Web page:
9. The Court further expressed the view that on the aforesaid interpretation in the facts of that case, it was proper to direct the Central Government to fix pay scales on par for persons doing identical work under the same employer. It is, however, to be borne in mind what has been emphasised by the respondents in the instant case on this aspect. That case related to the drivers who had been doing physical work; in the case of stenographers and personal assistants, there is an element of faith, reliability and responsibility and the functional responsibilities and the requirements of persons doing same amount of physical work may be different in some cases depending upon the officers with whom the stenographers and personal assistants are attached. On behalf of the petitioners, it is emphasized that Heads of Departments who are in the senior Administrative Grade- Level I (Rs. 2500-2750) which is equivalent to the pay scale of the Joint Secretaries in the Ministries and their nature of work is virtually the same. They have also to deal with sensitive matters. The basic principles on which differentiation would not amount to discrimination, violative of either Article 14 or Article 16(l) of the Constitution are well settled. Article 14 of the Constitution strikes at the arbitrariness in State action and ensures fairness and equality of treatment. It is attracted where equals are treated differently without any reasonable basis. The principle underlying the guarantee is that all persons similarly circumstanced shall be treated alike both in privileges conferred and liabilities imposed. Equal laws must be applied equally and there should be no discrimination between one person and another if as regards the subject-matter of either administrative action or of legislation, their position is substantially the same. Article 14 forbids class legislation but permits reasonable classification for the purpose of legislation or administrative mandate. The classification must, however, be founded on an intelligible basis which distinguishes persons or things that are grouped together from those that are left out of the group and that differentia must have a rational nexus with the object to be achieved by the differentiation made in the statute or order in question. In other words, there ought to be causal connection between the basis of classification and the object of the classification. See in this connection the observations of the Constitution Bench of this Court in the case of D. S. Nakara v. Union of India, ( 1983) 2 SCR-165: AIR 1983 SC 130). See also P. K. Ramachandra Iyer v. Union of India, (1984) 2 SCR 200: (AIR 1984 SC 541), where this Court at page 226 of the Report reiterated that the principle of 'equal pay for equal work' is deducible from those Articles 14 and 16 in the light of the Preamble and Article 39(d) of the Constitution and might be applied properly in the cases of unequal scales of pay based on no classification or irrational classification though those drawing the different scales of pay do identical work under the same employer. In Delhi Veterinary Association v. Union of India, (1948) 3 SCR 429: (AIR 1984 SC 1221), which was dealing with Veterinary Assistant Surgeons working in the Delhi Administration, it was observed dismissing the writ petition that the question of the fixation of pay scale for Veterinary Assistant Surgeons should be left to be decided by the Government on the basis of the recommendation of the Fourth Pay Commission. The question of discrimination cannot be decided in isolation. This Court reiterated that in addition to the principle of 'equal pay for equal work', the pay structure of the employees of the Government should reflect many other social values. This Court also emphasized the need for evolution and implementation of a scientific national policy of incomes, wages and prices. In P. Savita v. Union of India, (1985) 1 Suppl SCR 101 : (AIR 1985 SC 1124) this Court was dealing with Senior Draftsmen doing the same work and discharging the similar functions and duties. They were classified" into two groups, on the basis of seniority with two different pay scales. The question was whether it was discriminatory. It was held that it was. This Court reiterated that a group of draftsmen entitled to higher scale of pay was not selected by any process nor is it based on any merit-cum-seniority basis, but is based only on seniority-cum-fitness. Moreover, it was found that the senior draftsmen divided into two groups were in the same department doing identical and same work. It was not a case of different grades created on the ground of higher qualification either academic or otherwise or an entitlement by any other criteria. Thus the classification between the two groups of senior draftsmen was without any basis. In view of the total absence of any plea in that case on the side of the respondents that the Senior Draftmen who were placed in the advantageous group do not perform work and duties more onerous or different from the work performed by the appellants group in that case, it was held that this grouping violated Article 14 of the Constitution. It reiterated that the principle of 'equal pay for equal work' would be an abstract doctrine not attracting Article 14 if quality is made criterion for differentiation. See also Surinder Singh v. Engineer-in-Chief, C.P.W.D. (1986) 1 SCC 639: (AIR 1986 SC 584). This Court in a different context had to decide this question in Frank Anthony Public School Employees' Association v. Union of India, (1986) 4 SCC 707: (AIR 1987 SC 311). It was held that there cannot be discrimination in pay and other conditions of service of school teachers merely on the basis of aided and unaided minority schools.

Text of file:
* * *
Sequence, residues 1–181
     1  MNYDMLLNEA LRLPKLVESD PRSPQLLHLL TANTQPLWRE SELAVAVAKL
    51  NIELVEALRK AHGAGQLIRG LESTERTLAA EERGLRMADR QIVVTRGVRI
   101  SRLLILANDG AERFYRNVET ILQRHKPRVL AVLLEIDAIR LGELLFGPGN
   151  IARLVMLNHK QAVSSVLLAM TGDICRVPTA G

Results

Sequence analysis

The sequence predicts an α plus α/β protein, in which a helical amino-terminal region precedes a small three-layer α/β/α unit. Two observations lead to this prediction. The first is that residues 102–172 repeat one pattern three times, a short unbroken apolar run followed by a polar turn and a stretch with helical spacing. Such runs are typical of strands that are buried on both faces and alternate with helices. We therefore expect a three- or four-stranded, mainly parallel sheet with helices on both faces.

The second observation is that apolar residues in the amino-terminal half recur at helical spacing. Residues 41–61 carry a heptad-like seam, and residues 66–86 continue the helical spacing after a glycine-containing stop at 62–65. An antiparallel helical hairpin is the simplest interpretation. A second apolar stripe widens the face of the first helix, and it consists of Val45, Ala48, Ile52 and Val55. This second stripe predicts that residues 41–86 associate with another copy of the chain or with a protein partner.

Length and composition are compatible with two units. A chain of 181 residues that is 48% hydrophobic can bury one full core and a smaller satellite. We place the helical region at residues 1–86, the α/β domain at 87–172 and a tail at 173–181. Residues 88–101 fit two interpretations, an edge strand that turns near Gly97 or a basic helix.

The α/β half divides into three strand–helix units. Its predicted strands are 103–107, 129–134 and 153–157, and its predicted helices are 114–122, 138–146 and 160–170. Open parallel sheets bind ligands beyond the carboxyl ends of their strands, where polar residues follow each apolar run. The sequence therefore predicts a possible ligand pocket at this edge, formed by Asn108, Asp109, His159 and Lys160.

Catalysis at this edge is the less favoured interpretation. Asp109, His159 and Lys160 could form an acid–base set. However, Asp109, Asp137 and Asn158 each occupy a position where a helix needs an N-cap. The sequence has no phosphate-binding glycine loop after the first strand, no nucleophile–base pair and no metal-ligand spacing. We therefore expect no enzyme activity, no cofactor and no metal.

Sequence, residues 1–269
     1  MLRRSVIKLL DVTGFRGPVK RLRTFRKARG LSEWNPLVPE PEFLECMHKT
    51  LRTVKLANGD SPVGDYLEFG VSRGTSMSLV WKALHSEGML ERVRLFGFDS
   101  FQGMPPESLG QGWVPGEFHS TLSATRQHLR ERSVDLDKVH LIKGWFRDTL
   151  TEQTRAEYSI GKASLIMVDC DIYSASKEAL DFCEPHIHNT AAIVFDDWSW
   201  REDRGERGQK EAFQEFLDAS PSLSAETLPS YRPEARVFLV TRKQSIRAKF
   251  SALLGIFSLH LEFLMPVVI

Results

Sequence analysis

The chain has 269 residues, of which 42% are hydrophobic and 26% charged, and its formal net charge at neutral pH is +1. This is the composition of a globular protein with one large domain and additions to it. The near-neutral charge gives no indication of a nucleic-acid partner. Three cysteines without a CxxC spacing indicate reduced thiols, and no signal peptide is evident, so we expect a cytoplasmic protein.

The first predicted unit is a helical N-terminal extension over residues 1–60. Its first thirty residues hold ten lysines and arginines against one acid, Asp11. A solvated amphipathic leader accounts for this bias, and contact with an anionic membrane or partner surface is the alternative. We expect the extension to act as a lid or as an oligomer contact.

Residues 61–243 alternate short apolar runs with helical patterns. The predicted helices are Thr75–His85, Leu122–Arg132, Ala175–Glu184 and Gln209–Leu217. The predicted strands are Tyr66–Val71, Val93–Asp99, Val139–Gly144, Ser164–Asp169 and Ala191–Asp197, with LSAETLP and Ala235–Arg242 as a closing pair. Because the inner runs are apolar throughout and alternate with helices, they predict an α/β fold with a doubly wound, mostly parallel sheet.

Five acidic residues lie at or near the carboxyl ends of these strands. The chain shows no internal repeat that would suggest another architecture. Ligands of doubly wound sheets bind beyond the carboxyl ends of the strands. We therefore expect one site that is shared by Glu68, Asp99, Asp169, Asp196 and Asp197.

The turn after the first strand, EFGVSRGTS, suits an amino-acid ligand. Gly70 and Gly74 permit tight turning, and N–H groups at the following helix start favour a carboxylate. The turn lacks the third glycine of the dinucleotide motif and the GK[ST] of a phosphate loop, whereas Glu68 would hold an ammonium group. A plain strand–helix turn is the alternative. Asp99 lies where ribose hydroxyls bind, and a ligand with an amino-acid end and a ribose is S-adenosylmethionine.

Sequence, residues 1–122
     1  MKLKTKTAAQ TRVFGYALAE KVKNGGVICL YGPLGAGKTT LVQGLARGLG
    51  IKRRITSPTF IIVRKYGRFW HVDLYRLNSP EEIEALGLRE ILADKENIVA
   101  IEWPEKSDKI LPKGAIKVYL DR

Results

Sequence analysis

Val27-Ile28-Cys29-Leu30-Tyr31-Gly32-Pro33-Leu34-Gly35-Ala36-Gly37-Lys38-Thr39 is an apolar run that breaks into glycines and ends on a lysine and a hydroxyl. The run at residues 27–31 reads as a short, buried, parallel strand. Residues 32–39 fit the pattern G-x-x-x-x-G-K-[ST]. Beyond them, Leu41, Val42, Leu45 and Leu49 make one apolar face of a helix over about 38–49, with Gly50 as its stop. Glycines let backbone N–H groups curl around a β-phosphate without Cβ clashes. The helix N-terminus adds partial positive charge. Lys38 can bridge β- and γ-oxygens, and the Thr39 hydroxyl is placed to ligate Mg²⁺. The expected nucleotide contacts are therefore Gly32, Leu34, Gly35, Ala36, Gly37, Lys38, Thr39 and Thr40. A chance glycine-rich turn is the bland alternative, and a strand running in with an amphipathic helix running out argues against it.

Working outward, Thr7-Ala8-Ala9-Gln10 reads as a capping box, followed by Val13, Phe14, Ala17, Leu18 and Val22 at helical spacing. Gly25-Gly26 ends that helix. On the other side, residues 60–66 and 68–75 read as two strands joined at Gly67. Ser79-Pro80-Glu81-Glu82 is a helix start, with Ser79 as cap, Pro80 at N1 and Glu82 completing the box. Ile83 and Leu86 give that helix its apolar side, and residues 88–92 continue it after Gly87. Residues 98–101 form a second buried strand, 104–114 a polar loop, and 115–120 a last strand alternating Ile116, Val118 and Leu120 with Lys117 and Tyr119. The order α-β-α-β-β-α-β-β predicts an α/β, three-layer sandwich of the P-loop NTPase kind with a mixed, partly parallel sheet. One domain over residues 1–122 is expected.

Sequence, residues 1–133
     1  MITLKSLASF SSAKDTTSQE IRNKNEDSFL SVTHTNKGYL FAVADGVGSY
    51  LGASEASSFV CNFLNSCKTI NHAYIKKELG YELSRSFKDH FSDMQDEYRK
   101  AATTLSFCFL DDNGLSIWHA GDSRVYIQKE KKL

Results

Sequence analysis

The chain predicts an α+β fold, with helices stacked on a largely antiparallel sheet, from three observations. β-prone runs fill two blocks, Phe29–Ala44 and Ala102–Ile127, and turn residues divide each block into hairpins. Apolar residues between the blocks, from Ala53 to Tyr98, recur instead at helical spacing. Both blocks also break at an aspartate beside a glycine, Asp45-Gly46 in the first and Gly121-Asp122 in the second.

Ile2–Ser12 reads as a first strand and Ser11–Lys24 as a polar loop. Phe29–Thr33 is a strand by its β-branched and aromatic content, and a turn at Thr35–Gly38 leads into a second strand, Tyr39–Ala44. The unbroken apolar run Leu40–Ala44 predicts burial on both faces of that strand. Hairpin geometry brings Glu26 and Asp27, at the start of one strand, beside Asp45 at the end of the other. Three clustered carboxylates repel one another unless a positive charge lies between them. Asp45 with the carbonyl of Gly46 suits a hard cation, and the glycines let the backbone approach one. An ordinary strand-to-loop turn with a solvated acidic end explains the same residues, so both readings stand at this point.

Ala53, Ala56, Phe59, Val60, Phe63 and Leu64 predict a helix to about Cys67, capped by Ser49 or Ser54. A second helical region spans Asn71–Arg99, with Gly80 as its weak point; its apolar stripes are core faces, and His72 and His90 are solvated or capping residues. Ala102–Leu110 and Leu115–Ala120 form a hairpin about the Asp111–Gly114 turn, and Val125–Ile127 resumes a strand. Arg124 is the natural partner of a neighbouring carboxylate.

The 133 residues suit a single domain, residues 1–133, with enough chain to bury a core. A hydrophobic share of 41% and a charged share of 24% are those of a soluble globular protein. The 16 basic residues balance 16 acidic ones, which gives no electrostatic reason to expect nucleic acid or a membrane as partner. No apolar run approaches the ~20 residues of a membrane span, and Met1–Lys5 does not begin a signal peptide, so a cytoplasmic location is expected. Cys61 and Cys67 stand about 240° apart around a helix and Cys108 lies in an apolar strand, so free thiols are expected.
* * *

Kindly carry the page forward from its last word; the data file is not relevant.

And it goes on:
10. As is evident, the facts of the instant case are entirely different. Here the differentiation is (sic) sought to be justified on the similarity of the functional work but on the dissimilarity of the responsibility, confidentiality and the relationship with public etc. In Dhirendra Chamoli v. State of U. P. (1986) 1 SCC 637, this Court was concerned with the casual workers on daily wage basis engaged by the Government in different Nehru Yuvak Kendras in the country performing the same duties as performed by the regular Class IV employees against the sanctioned strength. The claim was allowed with certain directions on the basis of the facts found. See in this connection Union of India v. R. G. Kashikar, AIR 1986 SC 431. In Writ Petitions (Civil) Nos. 13097-13176 of 1984, M. P. Singh v. Union of India (1987) 1 JT 146 : (AIR 1987 SC 485), this Court on the facts of that case found that among the employees of the Central Bureau of Investigation, there are two classes of officials deputationists and non-deputationists amongst Sub-Inspectors, Inspectors and Deputy Superintendents of Police. There has been discrimination among the two groups with regard to payment of special pay. Special pay related to arduous nature of duties to be performed. Whether they belong to the category of deputationists or non-deputationists - payment of different rates of special pay, it was held in the facts of the case, did not pass the test of classification. This Court reiterated that it was well settled that in order to pass the test of permissible classification of persons belonging to the same class into groups for purposes of differential treatment two conditions must be fulfilled, namely, that the classification must be founded on an intelligible differentia which distinguishes persons who were grouped together from others left out of the group and that differentia must have rational relation to the objects sought to be achieved by the law which brings about discrimination between the two groups. In Mackinnon Mackenzie and Co. Ltd. v. Audrey D'Costa (SLP (Civil) No. 1265/87 decided on March 26, 1987) (reported in AIR 1987 SC 1281), the question was the different treatment between male and female stenographers. But there differentiation was based on the ground of sex. It was struck down. It will clearly be violative of Article 14 and Article 16 of the Constitution.